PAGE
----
Counterview.net: Ahmedabad: Saturday, April 05, 2014.
After a lapse of three years, the Gujarat government has once again revived its plan to begin eviction of the salt-pan workers, or agariyas of the Little Rann of Kutch. Earlier, the notice was served on them in April 2011 (read HERE). The latest notice served on the agariyas reads, "You have been asked to submit documentary proof regarding salt making activity in the Little Rann of Kutch.” Quoting the Wild Life Protection Act, 1972, amended in 2002, the notice, given to thousands of agariyas, says that any activity in the sanctuary area of the Little Rann of Kutch “is termed prohibited and is liable to punishment from three to seven years of imprisonment, plus Rs 25,000 penalty.”
Giving the agariyas just about a week to provide the proof that they have been leased land in the Little Rann of Kutch to carry out salt producing activity, the notice says, “You are hereby given notice that if you have any documentary evidence submit it within seven days, or else you have to vacate the Rann of Kutch along with all your equipment of salt making.” The notice has been issued by the range forest officer, Wild Ass Sanctuary, Little Rann of Kutch.
The Agariya Hit Rakshak Manch (AHRM), which represents the salt-pan workers, in a statement has said, “On behalf of 12,000 to 15,000 agariya families, AHRM had made a representation to Gujarat’s tribal commissioner to initiate the process of recognizing agariyas’ customary community user rights over the Little Rann of Kutch as per the Forest Rights Act. The representation is still pending.” According to ARHM, the agariyas should be recognized as tribals, in the same way as the tribals of the eastern tribal belt of Gujarat.
It has added, “The fact to be noted is that, the Little Rann of Kutch is near 5,000 sq km of un-surveyed piece of land, and was recently given survey number zero. The Gujarat government too does not have any land records for the same. It is surprising that the state government is asking the agariyas to submit documentary evidence, while salt farming is being conducted in this area for the last 600 years.”
In 2011, a similar notice, served on the agariyas, said that they must evacuate from the Little Rann of Kutch, because they are "endangering the wild ass" in the sanctuary. Belonging to the Gujarat government's forest and revenue departments, officials reportedly went around, to take thumbs impression, from illiterate salt-plan workers on a paper which said they would be benefited under a certain so-called social welfare schemes. In actuality, these papers were an agreement of the salt-pan workers to be evicted of the Little Rann of Kutch.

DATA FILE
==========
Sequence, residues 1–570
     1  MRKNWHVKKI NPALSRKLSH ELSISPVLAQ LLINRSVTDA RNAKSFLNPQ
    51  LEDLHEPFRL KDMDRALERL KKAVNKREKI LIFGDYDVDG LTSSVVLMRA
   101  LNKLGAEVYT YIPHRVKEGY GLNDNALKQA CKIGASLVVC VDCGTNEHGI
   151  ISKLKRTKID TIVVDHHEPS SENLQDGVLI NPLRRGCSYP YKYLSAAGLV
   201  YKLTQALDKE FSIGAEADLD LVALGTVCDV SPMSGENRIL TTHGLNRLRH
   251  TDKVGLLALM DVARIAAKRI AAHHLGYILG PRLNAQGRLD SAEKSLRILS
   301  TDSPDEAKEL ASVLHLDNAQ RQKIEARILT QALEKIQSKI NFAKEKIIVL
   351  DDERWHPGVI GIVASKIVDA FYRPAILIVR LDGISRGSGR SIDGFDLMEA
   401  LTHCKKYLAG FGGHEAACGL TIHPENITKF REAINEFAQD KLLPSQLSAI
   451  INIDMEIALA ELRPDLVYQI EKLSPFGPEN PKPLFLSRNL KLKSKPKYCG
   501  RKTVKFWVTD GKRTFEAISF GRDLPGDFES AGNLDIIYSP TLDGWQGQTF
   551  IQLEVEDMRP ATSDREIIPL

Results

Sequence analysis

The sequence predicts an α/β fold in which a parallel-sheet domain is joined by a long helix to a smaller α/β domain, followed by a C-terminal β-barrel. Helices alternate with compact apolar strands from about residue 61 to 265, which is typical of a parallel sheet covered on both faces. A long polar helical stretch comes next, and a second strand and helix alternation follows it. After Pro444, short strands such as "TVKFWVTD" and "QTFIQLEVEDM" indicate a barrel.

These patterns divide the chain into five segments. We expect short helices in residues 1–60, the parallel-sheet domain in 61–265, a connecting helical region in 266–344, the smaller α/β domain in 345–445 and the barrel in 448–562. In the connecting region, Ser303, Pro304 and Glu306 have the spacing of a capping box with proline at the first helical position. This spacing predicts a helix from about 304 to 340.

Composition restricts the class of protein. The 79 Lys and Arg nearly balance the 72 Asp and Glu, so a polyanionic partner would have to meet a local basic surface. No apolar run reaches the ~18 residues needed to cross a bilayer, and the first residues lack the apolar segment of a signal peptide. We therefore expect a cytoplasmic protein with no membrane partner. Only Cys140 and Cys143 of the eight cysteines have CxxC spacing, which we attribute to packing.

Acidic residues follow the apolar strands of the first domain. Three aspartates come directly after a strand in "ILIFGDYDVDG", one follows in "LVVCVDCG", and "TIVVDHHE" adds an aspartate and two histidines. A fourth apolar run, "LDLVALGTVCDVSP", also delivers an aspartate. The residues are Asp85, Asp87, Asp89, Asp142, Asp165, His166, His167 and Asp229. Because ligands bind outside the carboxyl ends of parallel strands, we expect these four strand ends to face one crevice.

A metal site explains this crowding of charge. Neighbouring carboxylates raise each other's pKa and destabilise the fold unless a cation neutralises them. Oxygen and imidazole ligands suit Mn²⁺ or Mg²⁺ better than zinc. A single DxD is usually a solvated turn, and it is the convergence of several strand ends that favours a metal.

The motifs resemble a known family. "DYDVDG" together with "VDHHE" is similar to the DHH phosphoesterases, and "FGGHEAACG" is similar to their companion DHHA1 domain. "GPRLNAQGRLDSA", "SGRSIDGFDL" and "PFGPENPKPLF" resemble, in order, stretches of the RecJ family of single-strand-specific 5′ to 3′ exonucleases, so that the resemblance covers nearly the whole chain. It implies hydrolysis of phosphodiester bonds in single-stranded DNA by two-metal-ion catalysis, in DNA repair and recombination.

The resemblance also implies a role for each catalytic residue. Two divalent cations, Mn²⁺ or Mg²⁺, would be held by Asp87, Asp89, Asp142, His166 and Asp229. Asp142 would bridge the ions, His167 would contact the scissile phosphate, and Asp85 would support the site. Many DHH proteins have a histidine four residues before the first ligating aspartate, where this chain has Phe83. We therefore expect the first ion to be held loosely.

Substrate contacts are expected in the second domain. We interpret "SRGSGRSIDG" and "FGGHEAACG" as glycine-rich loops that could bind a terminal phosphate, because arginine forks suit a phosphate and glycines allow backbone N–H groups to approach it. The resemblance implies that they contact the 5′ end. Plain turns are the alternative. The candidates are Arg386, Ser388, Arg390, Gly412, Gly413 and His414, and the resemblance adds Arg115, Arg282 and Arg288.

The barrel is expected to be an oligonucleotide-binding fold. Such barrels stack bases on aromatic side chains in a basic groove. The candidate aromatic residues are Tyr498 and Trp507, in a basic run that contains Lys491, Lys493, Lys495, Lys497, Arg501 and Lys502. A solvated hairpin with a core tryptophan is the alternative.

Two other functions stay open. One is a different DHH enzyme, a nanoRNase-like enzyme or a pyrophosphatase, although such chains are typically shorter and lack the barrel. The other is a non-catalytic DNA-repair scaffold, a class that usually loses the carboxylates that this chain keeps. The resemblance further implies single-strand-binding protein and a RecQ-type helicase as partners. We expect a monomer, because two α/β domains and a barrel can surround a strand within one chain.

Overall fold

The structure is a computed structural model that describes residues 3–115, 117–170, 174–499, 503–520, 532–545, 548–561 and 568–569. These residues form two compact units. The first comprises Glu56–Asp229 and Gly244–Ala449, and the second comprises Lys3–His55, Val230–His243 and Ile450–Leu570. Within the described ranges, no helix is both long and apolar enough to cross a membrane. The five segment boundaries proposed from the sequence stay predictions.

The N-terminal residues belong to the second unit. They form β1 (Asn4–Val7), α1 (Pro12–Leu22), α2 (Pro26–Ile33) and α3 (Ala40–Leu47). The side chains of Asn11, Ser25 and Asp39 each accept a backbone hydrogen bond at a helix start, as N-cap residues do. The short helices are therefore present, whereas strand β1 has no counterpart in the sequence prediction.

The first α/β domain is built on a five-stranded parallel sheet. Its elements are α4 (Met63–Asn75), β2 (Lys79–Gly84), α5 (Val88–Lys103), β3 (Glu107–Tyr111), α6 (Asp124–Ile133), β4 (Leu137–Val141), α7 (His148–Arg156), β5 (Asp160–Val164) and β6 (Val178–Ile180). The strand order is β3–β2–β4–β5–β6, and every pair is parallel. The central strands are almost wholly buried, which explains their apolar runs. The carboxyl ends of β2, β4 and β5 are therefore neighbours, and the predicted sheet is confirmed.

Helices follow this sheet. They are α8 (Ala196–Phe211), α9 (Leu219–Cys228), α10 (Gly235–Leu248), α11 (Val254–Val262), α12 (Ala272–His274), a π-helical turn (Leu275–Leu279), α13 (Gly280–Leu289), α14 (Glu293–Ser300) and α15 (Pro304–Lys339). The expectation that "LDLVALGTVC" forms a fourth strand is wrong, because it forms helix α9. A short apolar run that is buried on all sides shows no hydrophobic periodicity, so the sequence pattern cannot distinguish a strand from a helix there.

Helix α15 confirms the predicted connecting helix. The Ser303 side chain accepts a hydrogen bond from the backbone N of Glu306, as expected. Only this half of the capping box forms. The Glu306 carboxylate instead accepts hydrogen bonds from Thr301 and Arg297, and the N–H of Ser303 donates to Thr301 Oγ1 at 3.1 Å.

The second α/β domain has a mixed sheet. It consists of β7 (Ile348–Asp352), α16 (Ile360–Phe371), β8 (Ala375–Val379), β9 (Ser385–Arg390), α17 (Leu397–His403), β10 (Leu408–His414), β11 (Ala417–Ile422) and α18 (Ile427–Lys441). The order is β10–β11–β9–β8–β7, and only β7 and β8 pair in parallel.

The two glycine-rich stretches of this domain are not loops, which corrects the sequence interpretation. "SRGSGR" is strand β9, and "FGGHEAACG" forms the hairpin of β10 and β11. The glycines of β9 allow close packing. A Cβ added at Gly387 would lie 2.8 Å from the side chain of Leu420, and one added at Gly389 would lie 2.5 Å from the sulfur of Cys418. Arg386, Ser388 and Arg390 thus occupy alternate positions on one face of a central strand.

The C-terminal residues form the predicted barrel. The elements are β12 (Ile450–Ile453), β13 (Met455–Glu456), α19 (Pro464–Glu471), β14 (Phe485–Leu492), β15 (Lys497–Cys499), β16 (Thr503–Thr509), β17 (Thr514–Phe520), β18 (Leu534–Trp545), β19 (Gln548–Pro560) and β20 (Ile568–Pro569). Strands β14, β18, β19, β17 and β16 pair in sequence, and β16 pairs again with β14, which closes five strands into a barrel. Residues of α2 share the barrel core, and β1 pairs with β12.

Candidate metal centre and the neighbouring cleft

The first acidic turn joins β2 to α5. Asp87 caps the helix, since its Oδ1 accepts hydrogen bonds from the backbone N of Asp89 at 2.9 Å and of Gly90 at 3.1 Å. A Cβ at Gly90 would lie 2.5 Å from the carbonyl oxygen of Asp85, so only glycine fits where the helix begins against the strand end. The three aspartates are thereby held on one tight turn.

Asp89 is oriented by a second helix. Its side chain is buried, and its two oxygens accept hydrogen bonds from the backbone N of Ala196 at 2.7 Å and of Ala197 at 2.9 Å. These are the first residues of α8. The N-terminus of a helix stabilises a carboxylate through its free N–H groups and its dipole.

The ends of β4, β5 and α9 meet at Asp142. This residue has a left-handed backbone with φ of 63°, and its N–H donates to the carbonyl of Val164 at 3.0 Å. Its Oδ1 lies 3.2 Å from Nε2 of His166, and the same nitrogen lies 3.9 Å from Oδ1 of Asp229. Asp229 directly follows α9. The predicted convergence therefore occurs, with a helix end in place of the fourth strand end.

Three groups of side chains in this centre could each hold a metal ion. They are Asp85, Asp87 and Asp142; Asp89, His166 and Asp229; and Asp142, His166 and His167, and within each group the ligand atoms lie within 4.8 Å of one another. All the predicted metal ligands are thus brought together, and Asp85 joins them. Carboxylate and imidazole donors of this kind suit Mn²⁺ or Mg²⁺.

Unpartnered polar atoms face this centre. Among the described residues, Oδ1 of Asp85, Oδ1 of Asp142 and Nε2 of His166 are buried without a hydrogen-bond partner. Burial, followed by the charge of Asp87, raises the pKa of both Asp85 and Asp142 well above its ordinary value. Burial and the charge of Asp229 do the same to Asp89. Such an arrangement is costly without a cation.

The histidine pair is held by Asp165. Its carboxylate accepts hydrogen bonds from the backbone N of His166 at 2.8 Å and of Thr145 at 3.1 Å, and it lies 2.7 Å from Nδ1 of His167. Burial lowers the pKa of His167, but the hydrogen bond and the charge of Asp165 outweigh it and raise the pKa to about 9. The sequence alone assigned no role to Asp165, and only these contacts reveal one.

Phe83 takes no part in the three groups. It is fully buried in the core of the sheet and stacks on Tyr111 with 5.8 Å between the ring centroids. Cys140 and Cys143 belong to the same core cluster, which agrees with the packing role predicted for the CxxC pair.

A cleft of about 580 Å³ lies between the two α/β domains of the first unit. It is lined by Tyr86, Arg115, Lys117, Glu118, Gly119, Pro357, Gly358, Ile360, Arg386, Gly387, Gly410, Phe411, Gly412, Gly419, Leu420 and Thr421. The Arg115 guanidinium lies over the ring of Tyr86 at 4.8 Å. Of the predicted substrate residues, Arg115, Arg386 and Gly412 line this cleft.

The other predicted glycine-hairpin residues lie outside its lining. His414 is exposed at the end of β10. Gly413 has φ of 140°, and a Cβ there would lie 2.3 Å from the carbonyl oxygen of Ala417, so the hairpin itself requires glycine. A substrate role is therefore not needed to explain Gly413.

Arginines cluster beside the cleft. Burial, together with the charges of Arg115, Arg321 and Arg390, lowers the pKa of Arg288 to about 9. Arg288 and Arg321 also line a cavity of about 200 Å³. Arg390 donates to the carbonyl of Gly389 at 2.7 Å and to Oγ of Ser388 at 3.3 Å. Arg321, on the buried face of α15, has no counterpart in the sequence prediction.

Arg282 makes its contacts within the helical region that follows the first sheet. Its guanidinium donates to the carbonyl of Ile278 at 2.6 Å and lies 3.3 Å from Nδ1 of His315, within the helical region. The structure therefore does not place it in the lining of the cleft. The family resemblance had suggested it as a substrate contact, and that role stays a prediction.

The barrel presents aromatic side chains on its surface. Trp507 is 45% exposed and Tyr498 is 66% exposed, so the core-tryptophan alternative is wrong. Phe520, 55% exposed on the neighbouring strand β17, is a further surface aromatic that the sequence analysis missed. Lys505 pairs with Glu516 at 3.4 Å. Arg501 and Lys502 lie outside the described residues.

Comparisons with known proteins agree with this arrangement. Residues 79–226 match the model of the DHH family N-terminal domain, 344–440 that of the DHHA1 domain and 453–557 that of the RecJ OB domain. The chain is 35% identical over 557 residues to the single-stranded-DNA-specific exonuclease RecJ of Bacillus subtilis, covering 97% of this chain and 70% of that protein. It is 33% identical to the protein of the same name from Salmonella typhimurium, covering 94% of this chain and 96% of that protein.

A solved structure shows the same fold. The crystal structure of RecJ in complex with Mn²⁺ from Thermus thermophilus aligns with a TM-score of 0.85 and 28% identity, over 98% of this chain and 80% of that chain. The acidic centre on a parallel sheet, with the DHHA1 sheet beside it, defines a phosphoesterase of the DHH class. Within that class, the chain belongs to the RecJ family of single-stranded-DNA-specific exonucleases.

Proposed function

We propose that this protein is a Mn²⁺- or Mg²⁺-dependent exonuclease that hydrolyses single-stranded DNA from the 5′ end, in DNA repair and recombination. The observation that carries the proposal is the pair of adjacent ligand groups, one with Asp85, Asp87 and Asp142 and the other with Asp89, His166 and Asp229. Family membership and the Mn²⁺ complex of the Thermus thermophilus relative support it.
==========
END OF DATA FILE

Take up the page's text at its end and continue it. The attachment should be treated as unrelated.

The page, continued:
Mainly belonging to the nomadic tribes, the agariyas have been involved in salt farming for the last several centuries, since the days of the Moghuls. The confusion has arisen, according to ARHM social workers, mainly because there is so far little effort to give a legal sanctity to the land on which the agariyas have been working on.
The agariyas, these social workers say, themselves do not have any document that they own the land on which they have been traditionally farming salt. Nor has there been any effort by the state revenue department so far to give a survey number to these pieces of land. As a result, there is “considerable confusion” about the ownership of the land and the agariyas are in the danger of losing their traditional means of livelihood.
In fact, the social workers suggest, there is little evidence that the salt-pan workers in any way try to interfere or are a danger to the wild ass, which moves around in the sanctuary, declared in 1973. If in 1973 there were just 720 wild asses in the sanctuary area, today their population has reached a whopping 5,000. At least one-fifth of the wild asses no more live in the sanctuary area but outside because of increase in their population. They live on the standing crop in these areas, often destroying it.